The Reserve Bank of India has said it had formed a working group to look into digital lending practices, after reports of policy offenses and debtor harassment by several digital lending apps in the country.
The current spurt of popularity of mobile and online financing systems “has raised certain serious concerns which have wider systemic implications,” the RBI said in its launch.
The regulator said on Wednesday, it was establishing a six-member working group to rate digital financing activities and identify dangers posed by unlicensed electronic lending to monetary stability, regulated entities and customers.
In December, the RBI had issued a note about financing apps, warning that a participated in “unscrupulous activities”, like charging excessive interest rates and fees.
And a recent investigation by news agency Reuters found that at least 10 lending apps on Google’s Play Store at India violated Google’s rules on loan repayment spans targeted at protecting vulnerable borrowers. Journalists at our partner news agency Reuters discovered a number of lending apps also flouted RBI regulations aimed at protecting borrowers.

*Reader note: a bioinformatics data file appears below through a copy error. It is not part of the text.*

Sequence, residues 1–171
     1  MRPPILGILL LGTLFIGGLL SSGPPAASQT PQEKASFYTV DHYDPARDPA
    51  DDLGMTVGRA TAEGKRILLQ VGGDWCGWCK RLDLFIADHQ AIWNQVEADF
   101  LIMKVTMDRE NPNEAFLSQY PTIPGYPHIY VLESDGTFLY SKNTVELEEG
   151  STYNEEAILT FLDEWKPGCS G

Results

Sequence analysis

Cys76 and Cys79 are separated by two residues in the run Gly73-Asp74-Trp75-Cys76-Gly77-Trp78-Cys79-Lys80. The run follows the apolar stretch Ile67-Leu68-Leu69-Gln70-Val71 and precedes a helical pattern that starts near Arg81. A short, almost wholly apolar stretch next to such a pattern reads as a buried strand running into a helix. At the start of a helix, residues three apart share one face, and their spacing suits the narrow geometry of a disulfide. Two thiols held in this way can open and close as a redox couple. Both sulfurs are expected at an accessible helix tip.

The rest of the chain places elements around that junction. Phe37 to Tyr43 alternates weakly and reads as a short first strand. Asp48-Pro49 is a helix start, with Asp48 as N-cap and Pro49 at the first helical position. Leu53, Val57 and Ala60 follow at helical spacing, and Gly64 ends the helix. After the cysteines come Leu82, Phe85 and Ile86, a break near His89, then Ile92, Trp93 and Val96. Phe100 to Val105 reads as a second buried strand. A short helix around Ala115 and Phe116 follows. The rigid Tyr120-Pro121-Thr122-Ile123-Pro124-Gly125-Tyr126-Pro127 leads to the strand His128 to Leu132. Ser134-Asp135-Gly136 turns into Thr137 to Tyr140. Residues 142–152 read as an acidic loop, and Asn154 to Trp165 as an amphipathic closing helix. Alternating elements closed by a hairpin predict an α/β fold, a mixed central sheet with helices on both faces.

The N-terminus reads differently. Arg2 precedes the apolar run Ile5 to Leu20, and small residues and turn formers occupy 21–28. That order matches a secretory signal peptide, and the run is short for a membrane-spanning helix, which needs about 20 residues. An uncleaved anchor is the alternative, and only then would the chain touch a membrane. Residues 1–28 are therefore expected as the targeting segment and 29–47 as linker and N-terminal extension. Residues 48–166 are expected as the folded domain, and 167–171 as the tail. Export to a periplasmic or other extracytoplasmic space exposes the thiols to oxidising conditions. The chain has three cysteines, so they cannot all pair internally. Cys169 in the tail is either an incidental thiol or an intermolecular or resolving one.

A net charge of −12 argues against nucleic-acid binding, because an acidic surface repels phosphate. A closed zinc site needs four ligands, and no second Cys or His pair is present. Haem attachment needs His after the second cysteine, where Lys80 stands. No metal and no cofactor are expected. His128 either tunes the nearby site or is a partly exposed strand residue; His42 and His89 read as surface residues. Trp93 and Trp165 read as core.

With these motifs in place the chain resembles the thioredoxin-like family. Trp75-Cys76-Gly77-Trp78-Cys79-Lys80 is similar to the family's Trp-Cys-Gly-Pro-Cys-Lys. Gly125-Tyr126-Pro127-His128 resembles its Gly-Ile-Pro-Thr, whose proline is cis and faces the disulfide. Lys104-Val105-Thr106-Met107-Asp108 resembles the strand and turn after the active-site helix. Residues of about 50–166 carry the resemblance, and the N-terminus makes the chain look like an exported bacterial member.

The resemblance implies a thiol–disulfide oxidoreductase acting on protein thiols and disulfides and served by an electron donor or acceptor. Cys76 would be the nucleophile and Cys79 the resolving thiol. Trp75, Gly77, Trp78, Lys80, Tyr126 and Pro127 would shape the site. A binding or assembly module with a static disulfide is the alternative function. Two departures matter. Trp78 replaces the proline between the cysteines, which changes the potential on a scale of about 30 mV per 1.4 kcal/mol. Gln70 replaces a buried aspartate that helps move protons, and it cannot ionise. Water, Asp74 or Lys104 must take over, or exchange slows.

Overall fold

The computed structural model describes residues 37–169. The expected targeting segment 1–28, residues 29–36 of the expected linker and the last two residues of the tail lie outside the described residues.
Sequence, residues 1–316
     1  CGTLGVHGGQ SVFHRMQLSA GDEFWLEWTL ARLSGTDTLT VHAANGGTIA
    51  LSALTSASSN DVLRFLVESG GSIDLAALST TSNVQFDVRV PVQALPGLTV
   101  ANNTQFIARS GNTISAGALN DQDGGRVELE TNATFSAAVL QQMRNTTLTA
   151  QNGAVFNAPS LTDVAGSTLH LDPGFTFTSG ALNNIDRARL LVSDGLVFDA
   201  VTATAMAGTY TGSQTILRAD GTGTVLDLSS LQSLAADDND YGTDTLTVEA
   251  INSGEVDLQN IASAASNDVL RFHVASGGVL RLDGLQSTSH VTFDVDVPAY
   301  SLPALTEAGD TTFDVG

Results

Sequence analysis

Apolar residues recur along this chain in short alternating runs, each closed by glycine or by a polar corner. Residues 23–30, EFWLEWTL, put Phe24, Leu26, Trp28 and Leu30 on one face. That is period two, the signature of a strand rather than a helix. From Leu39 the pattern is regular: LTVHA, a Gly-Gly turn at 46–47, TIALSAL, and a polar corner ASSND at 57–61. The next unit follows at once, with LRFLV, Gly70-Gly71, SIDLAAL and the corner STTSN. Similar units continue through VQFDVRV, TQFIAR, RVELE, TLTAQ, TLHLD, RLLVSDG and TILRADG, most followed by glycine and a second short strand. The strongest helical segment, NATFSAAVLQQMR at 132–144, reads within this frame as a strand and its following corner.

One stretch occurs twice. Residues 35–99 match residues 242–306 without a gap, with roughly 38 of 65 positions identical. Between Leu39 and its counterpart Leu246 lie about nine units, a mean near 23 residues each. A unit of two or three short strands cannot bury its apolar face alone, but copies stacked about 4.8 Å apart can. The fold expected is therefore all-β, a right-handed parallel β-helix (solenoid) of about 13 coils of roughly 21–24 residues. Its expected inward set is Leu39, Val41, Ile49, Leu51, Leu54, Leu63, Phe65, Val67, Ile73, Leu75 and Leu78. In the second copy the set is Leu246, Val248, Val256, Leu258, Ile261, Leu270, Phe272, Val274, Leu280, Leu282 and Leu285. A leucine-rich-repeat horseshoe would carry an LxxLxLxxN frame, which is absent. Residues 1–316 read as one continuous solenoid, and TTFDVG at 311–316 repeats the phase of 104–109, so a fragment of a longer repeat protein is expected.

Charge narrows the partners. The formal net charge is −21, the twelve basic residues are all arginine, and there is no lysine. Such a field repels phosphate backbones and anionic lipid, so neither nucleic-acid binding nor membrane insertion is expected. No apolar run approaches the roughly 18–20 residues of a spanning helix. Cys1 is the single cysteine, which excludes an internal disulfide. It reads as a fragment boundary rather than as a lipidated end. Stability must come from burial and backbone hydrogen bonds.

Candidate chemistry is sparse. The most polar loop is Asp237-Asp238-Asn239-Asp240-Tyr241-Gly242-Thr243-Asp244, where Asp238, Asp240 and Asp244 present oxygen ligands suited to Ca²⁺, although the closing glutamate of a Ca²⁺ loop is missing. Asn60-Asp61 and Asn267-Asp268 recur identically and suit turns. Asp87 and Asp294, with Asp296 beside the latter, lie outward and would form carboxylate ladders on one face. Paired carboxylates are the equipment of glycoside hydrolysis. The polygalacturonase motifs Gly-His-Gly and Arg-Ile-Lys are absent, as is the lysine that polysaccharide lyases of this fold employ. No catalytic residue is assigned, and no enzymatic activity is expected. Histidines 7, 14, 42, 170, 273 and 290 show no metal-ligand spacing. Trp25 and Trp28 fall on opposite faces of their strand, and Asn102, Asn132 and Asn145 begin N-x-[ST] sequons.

The lending app business has also drawn the scrutiny of police. They’re exploring dozens of apps following the suicides of two borrowers from the last month, because of claims of alleged harassment by collection agencies kept by those apps.
The working group, comprising four inner RBI and two outside members, was advised to submit their accounts in just three weeks, the release said.
The group has also been asked to examine other facets of digital lending, such as information privacy and security, and to propose changes to expand regulatory scrutiny of apps which often act as intermediaries, putting them outside the RBI’s purview.
The team at Platform Executive hope you have enjoyed the ‘India’s reserve bank creates a panel to investigate digital lending practices‘ article. Translation from English to other languages via Google Cloud Translation. Initial reporting via our official content partners at Thomson Reuters. Reporting by Swati Bhat and Nupur Anand. Editing by Larry King.
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